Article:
April 22nd - 2014

Being thorough in your real estate transactions

Thoroughness takes time - a commodity often in short supply in our line of work. The demands on our time, from client meetings and office work to family commitments, can make it difficult for REALTORS® to be thorough.

Man holds DONE sign and looks pleased

by Tim Barber

Man holds DONE sign and looks pleased

Thoroughness takes time - a commodity often in short supply in our line of work. The demands on our time, from client meetings and office work to family commitments, can make it difficult for REALTORS® to be thorough. The temptation to cut corners to gain a few extra minutes is always there.

Despite time pressures, it is vital to be thorough. We’re often dealing with a client’s largest financial investment – their house. If we fail to live up to our professional duties and responsibilities, the result can be disastrous for them and us. We’re one of Ontario’s most highly regulated professions, and REBBA 2002, together with our Code of Ethics, demands a high standard.

Precise, detailed completion of paperwork is sometimes lacking in transactions. It may be an honest mistake, but it’s easy to see when an Agreement of Purchase and Sale (APS) was completed in a rush, with missing fields or incorrect information. I recall receiving an offer on a listing during a competing offer situation. When we opened the envelope, the address was wrong and the offer price line was blank. I later questioned the colleague, who said she was so busy she barely remembered looking at it while her clients signed. As they say, speed kills.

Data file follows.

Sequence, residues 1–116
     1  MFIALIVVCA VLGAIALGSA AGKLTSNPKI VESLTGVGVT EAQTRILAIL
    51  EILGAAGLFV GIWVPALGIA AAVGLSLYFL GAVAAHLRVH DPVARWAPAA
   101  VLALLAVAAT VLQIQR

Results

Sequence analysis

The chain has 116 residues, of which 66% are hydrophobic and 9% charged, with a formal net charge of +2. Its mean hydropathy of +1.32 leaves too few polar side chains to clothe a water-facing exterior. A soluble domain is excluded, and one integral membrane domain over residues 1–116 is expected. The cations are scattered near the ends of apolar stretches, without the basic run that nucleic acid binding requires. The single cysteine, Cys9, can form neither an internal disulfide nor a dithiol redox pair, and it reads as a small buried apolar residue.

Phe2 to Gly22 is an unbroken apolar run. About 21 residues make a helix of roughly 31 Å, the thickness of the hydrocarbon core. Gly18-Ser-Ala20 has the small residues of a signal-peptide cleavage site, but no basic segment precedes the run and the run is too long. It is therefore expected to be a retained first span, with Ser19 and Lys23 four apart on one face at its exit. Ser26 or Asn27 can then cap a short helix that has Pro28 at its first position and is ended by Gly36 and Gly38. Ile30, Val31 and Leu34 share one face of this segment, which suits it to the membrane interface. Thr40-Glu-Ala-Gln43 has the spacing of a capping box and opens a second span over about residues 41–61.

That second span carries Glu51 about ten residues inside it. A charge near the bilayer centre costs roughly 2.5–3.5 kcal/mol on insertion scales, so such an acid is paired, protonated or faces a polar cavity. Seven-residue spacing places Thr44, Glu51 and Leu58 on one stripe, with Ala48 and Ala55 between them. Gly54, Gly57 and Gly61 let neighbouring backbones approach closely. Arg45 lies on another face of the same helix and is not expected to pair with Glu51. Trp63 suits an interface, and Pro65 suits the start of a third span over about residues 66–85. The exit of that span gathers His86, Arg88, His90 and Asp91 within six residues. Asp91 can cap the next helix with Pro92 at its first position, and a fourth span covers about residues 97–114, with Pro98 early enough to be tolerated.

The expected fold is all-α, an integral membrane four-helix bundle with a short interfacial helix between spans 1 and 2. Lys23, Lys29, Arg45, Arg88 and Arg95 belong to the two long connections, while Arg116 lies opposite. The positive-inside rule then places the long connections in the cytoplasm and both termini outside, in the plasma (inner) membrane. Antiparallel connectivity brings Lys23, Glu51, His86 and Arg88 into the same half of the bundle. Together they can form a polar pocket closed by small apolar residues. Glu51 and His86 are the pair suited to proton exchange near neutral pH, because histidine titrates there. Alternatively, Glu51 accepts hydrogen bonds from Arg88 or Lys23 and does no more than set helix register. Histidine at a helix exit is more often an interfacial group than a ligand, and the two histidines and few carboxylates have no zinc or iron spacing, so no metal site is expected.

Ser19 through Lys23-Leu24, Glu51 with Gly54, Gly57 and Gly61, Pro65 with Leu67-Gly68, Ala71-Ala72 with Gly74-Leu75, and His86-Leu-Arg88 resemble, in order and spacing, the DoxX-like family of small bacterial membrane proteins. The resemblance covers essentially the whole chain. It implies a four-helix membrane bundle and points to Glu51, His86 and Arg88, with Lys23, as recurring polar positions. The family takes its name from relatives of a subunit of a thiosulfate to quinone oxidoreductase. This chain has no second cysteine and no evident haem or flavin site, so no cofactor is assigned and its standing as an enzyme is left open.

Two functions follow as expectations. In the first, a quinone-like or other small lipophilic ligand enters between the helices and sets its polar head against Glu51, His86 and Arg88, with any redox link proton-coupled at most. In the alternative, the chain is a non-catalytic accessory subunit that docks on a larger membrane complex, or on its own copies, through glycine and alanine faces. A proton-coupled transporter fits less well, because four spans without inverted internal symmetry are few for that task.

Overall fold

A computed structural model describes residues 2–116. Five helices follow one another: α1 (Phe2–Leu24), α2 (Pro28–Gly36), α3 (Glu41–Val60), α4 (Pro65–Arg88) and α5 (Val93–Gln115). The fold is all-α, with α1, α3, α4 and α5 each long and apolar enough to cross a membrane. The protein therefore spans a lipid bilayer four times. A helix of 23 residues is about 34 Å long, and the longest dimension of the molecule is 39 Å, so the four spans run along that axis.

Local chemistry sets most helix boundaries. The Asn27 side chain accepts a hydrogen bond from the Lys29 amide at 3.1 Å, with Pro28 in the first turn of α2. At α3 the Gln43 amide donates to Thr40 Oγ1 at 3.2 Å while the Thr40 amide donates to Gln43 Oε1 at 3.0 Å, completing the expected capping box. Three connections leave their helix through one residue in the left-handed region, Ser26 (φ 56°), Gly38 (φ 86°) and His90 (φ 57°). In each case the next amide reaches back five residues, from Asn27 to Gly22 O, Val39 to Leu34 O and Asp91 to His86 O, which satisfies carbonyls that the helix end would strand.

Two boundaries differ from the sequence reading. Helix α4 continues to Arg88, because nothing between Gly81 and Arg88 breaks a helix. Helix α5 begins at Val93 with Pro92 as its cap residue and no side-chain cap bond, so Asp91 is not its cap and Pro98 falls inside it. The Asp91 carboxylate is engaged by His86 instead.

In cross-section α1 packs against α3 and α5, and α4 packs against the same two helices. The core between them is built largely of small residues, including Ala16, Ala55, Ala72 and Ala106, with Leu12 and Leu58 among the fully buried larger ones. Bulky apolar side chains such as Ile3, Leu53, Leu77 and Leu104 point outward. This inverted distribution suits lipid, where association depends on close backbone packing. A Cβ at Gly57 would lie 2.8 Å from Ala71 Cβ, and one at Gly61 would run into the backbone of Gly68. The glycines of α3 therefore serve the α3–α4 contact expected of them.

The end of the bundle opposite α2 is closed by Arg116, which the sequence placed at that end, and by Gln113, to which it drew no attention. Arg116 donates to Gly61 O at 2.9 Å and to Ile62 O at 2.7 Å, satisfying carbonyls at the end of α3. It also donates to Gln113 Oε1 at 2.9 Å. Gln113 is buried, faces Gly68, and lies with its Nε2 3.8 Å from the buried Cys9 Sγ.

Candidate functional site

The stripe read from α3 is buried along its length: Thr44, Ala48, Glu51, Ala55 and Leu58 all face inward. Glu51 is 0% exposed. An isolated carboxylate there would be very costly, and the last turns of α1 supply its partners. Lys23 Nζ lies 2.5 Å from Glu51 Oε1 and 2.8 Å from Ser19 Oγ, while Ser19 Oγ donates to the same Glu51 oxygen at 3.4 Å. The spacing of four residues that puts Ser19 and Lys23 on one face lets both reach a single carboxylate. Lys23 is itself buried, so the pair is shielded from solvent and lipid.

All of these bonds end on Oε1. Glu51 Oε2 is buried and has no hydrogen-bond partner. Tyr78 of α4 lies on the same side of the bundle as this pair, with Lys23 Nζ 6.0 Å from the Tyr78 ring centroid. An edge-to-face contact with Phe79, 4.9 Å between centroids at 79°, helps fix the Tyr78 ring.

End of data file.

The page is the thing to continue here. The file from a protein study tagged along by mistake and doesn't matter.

We must explain fully to clients each and every clause in our documents. This can be a lengthy exercise, especially if they have questions. It may be tempting to gloss over sections or omit this task if we’re short on time, but we must avoid this pitfall at all costs! Court judgements show that a client’s lack of understanding in real estate transactions can mean steep civil judgements and fines against us. To prevent this, we must become intimately familiar with our documents so that we can talk knowledgably about them at any time. I also make a point of inserting solicitor review clauses whenever I can so that clients have the opportunity to get that important second opinion.

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Ontario Real Estate Association

Jean-Adrien Delicano

Manager, Media Relations

JeanAdrienD@orea.com

416-445-9910 ext. 246